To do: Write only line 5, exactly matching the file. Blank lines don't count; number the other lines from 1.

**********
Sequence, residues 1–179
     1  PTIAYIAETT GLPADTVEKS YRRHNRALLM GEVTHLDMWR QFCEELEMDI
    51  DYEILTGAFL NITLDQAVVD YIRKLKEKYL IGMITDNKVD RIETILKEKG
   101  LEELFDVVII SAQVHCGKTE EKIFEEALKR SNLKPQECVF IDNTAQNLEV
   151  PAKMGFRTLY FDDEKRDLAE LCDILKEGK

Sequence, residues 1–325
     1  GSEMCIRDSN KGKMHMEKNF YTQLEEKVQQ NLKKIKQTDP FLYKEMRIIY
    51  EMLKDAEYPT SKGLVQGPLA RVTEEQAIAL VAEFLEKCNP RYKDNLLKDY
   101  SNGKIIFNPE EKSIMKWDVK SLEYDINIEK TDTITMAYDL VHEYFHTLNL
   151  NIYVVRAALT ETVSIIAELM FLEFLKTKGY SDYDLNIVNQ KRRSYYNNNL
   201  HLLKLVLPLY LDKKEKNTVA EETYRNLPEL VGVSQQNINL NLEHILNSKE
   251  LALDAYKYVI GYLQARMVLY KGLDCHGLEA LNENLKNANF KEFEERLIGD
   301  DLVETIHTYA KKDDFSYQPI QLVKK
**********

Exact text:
   151  PAKMGFRTLY FDDEKRDLAE LCDILKEGK